4 Div. 427.

122 So.2d 151 (1960)

Vunnie Lee BUXTON v. STATE.

Court of Appeals of Alabama.

Rehearing Denied June 30, 1960.

Attorney(s) appearing for the Case

J. Fletcher Jones and A. R. Powell, Jr., Andalusia, for appellant.

MacDonald Gallion, Atty. Gen., and Winston Huddleston, Supernumerary Circuit Solicitor, Wetumpka, for the State.

HARWOOD, Presiding Judge.

By affidavit it was charged that: "Vunnie Lee Buxton, did receive, sell, offer for sale," and etc., "prohibited liquors or beverages," etc.

To this affidavit the appellant filed a plea of misnomer asserting that: "her true name is Verna Lee Buxton and not Vunnie Lee Buxton, as alleged in the affidavit; and that she has never been known or called by the name of Vunnie Lee Buxton, which she is ready to verify and prays judgment that the affidavit be quashed."

To this plea the State filed a demurrer, the grounds of which asserted, in effect, that the defendant's name as it appears in the writ is idem sonans with the name set forth in the plea.

The court sustained the State's demurrer to the plea.

By demurring to the plea, the State has, in effect, admitted its truthfulness, but contends as a matter of law that "Vunnie Lee Buxton" and "Verna Lee Buxton" are idem sonans.

We think the clearest test to be applied in determining the question of idem sonans, when the matter is raised by demurrer, is set forth in the case of Munkers v. State, 87 Ala. 94, 6 So. 357, 358, wherein the court wrote:

"The demurrer to the plea of misnomer, interposed by appellant to the indictment, presented for decision by the court the question whether Richard `Munkers,' by which name the defendant is indicted, is idem sonans with Richard `Moncus,' which the plea avers to be his true name, by which he has always been called and known. Though this is strictly a question of pronunciation when raised by demurrer, it may be treated as a question of law; but in such case the judgment of the court should express the conclusion of law from facts or rules of which judicial notice may be taken. When there is no generally received English pronunciation of the names as one and the same, and the difference in sound is not so slight as to be scarcely perceptible, the doctrine of idem sonans cannot be applied without the aid of extrinsic evidence, unless when sound and power are given to the letters as required by the principles of pronunciation, the names may have the same enunciation or sound. There is a material difference in orthography, and a perceptible difference between `Moncus' and `Munkers,' when ordinary sound and power are given to the variant letters. They are as different names as some which this court has held not to be idem sonans.—Lynes v. State, 5 Port. 236; Humphrey v. Whitten, 17 Ala. 30; Nutt v. State, 63 Ala. 180; Adams v. State, 67 Ala. 89. If by local usage the names have the same pronunciation, it becomes a question of fact, which must be referred to the jury. The court erred in sustaining the demurrer to the plea. The state should have taken issue or replied."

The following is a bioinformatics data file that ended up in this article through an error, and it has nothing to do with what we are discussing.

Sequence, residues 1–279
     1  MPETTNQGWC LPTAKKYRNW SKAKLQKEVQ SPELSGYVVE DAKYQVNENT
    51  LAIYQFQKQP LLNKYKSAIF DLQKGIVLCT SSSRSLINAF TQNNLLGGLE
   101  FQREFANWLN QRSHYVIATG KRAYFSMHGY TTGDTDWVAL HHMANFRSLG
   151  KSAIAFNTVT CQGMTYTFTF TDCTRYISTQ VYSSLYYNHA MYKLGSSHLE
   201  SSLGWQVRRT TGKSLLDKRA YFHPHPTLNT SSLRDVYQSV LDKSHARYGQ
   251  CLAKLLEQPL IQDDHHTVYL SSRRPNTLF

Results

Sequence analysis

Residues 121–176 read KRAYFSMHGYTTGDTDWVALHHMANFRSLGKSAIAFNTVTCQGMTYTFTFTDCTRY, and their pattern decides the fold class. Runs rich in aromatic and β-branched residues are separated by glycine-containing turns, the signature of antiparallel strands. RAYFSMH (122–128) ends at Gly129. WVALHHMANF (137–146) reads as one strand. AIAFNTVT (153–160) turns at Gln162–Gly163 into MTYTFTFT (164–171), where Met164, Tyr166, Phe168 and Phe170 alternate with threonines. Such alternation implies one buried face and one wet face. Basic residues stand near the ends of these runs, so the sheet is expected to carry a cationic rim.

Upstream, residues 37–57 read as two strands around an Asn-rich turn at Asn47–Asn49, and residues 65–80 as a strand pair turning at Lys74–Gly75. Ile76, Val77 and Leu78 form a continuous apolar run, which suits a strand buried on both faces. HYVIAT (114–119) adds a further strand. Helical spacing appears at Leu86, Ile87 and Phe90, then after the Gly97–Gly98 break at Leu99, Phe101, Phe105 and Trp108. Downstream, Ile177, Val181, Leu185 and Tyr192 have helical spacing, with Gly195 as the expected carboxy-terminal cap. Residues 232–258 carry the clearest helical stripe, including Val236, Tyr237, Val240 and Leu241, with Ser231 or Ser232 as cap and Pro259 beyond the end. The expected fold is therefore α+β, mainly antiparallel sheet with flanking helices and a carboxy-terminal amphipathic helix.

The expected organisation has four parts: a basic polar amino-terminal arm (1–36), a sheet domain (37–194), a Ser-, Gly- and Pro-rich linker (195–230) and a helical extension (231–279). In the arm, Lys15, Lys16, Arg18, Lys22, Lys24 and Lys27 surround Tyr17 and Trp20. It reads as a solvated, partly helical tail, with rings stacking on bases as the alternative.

The doctrine of this case has been applied by this court in Clements v. State, 19 Ala. App. 640, 99 So. 832; Gullatt v. State, 24 Ala.App. 11, 130 So. 169; Sexton v. State, 28 Ala.App. 59, 180 So. 729.

In the Sexton case, supra, the names held not to be idem sonans under the tests set forth in the Munkers case, supra, were "Levon Sexton" and "Lavaughn Sexton."

By the tests established we think it must be concluded that "Vunnie Lee Buxton" and "Verna Lee Buxton" cannot as a matter of law be held to be idem sonans.

There is a material difference in orthography and a perceptible difference between "Vunnie" and "Verna" when ordinary sound and power are given to the variant letters.

The court therefore erred in sustaining the demurrer to the plea of misnomer. The State should have joined issue.

Reversed and remanded.


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